North Carolina Is Limiting Who Gets To See Body-Camera Footage

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The new law will go into effect October 1.

A new law in North Carolina will got into effect Oct. 1, and it will leave many wondering why police and lawmakers continue to distant themselves from those they serve.

North Carolina's House Bill 972 passed in June and will severely limit who gets to see police body-camera footage. North Carolina governor Pat McCrory signed the bill after saying that dashboard and body-camera footage can "mislead and misinform" the public, but adds the new law will "ensure transparency."

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However, critics disagree. 

The new law classifies dashboard and body-camera footage as personnel records, which only gives access to those in the video and their relative. Journalists and members of the public will need a court order to view footage. Police departments will also have to go through the state superior court judge if they wish to release the footage independently. Police departments also have the right to refuse access to footage if it will damage an officer's reputation, harm an investigation, or jeopardize someone's safety. 

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Susanna Birdsong, director of the North Carolina ACLU, told Mother Jones the new law will do more harm than good.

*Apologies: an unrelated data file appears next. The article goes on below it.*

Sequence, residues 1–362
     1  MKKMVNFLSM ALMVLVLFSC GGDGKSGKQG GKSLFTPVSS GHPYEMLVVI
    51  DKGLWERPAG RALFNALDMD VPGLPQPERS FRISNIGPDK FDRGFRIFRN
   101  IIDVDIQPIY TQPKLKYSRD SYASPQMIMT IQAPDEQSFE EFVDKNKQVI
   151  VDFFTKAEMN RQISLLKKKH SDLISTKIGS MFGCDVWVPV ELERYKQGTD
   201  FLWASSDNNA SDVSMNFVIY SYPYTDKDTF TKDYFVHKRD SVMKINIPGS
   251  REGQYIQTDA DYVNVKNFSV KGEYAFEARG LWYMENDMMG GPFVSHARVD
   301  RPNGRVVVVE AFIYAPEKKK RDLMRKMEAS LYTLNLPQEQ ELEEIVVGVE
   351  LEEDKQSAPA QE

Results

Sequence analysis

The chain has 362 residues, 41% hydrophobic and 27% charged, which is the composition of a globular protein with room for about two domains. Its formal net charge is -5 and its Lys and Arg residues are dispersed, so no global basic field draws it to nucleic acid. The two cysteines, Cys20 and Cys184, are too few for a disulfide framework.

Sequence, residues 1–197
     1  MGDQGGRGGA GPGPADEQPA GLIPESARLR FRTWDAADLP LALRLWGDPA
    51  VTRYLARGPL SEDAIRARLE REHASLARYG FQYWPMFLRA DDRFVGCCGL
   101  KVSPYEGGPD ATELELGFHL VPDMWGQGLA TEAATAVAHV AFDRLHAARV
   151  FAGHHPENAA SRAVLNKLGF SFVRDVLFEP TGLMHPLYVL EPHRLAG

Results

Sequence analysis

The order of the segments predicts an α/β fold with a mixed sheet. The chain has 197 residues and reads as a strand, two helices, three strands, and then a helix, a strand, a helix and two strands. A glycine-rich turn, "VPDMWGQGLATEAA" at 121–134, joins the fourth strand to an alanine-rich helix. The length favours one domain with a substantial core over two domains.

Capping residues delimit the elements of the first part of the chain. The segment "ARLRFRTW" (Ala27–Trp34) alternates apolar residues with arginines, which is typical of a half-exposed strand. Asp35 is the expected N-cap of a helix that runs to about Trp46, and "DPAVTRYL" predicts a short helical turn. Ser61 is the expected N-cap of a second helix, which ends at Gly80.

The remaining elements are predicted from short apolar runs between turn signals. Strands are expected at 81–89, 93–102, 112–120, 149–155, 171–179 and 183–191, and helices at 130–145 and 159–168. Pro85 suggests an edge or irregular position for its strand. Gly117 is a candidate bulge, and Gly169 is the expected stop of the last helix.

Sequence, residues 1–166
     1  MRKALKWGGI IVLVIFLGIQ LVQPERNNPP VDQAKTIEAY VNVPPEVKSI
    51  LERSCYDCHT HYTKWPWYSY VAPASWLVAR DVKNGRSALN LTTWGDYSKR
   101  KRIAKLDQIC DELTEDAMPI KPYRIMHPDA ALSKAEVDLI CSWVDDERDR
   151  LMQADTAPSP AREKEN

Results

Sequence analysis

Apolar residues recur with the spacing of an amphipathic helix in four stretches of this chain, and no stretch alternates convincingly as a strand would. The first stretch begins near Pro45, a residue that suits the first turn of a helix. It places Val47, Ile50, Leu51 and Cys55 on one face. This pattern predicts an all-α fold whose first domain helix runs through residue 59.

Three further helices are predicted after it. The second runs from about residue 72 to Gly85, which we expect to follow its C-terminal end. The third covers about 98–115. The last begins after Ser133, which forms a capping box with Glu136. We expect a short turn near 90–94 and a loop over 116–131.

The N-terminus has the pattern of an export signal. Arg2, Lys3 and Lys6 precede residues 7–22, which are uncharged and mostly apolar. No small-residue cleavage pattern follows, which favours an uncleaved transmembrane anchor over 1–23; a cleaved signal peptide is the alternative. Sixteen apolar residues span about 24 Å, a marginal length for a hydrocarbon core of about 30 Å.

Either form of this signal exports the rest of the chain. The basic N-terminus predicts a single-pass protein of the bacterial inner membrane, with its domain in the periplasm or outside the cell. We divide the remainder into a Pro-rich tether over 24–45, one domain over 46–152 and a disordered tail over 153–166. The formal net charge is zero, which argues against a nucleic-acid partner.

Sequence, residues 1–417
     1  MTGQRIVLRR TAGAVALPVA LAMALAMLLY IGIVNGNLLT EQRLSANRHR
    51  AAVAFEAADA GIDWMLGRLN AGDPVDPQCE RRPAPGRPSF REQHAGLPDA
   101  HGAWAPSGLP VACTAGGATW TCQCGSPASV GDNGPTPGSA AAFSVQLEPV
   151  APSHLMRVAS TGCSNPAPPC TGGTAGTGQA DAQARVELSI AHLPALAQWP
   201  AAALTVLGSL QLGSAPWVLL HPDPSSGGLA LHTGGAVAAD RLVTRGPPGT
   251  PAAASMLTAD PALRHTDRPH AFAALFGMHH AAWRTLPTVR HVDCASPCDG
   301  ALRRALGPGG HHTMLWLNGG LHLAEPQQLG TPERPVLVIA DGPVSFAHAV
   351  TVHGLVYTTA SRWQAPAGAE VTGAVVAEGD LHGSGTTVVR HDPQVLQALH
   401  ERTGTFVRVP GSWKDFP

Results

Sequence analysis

"There really should be some minimum guarantee of access to the recordings by someone other than the police."

She added that law enforcement should have measure in place for the release of footage when it's in the best interest of the public, it should not require court approval. Others address the fact that body-camera footage is meant to hold officers accountable and with North Carolina's new law it will be hard to do so. 

The new law goes into effect after the shooting death of Keith Lamont Scott and the public's outcry for transparency for the release of police footage. The move to require police to wear body-camera's has been spreading throughout the country. Footage from a 2011 shooting has come in handy after an officer was recently accused of planting a gun in a victim's car.

Dash-cam footage also helped in the investigation of Laquan McDonald's killing, which resulted in an officer being charged with murder.

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